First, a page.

Thursday, April 14, 2005

A Convincing Story needn't be the truth

From Lindsay's response:

"We actually *are* thought leaders in this field. What we're try(ing) to do now, is be less shy about it."

Agreed -we are.
But, one of the tools that we'll use to promote this fact is publishing authentic stories that, while entirely true, create impressions in the minds of people that may not be. We've done it in the past. If I read Lindsay's case studies, they sound as though every single person using TRIM absolutely loves it. But we all know that that can't be true - it's just the impression that we get from reading the document.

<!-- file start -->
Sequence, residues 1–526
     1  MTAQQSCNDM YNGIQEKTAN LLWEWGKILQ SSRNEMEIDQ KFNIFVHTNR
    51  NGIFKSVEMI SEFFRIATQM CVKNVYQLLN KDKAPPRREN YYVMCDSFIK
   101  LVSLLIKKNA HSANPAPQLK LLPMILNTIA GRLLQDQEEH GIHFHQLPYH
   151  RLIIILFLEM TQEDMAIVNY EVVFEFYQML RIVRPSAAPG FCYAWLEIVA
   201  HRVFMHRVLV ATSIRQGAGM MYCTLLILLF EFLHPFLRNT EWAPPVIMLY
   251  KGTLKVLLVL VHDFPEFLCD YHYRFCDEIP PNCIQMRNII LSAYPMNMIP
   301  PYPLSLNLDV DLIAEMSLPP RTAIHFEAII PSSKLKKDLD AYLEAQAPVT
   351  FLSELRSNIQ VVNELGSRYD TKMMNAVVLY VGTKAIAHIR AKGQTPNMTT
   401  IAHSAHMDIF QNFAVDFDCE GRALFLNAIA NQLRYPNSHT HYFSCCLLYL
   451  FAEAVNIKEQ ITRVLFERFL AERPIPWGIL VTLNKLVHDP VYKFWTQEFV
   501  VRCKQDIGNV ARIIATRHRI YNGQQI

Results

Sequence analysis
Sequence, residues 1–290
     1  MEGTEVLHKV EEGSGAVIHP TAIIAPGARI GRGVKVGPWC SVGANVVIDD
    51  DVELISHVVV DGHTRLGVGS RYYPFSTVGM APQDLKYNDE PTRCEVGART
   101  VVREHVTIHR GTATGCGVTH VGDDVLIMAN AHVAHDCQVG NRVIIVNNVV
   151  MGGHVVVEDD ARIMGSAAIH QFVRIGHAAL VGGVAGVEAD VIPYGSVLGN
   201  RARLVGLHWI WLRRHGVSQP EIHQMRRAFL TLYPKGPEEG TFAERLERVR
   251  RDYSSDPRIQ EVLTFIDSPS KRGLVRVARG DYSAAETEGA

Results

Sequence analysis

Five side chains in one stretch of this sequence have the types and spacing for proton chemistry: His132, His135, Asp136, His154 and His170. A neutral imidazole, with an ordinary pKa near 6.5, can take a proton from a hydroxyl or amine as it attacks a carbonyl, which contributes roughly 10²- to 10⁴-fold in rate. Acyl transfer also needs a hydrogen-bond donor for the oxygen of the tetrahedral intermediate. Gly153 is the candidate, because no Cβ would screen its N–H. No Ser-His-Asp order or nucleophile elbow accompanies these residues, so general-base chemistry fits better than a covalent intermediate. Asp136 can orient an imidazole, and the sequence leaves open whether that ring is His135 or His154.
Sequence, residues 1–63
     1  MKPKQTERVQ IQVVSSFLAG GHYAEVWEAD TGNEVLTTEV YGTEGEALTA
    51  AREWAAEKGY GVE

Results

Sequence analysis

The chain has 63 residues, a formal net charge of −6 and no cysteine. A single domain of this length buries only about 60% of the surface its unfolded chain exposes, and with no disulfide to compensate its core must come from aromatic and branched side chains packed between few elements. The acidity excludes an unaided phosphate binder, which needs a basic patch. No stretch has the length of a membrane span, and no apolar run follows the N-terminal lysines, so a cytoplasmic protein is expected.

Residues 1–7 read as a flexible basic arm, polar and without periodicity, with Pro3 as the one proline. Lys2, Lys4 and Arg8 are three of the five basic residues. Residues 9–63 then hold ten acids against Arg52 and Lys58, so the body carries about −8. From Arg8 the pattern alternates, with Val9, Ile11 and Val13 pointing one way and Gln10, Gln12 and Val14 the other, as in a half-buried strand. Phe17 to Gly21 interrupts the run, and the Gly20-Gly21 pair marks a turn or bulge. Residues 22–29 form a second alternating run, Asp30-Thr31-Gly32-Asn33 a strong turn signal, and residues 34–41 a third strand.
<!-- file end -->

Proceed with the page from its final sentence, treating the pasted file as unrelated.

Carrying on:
As I said, I don't have any qualms about this approach - we need to create a context where our product is attractive. It's a whole new skillset, and one that I don't understand.

Is it ethical for a doctor to prescribe somtething like homeopathic remedies for a particularly easily influenced patient when he knows that they are absolute bollocks?

I think that it is, because the doctor's job is to cure the patient. Taking advantage of the suggestiblility of people to provide them with the best product available is okay with me. Taking advantage of people to sell them crappy stuff is another thing...

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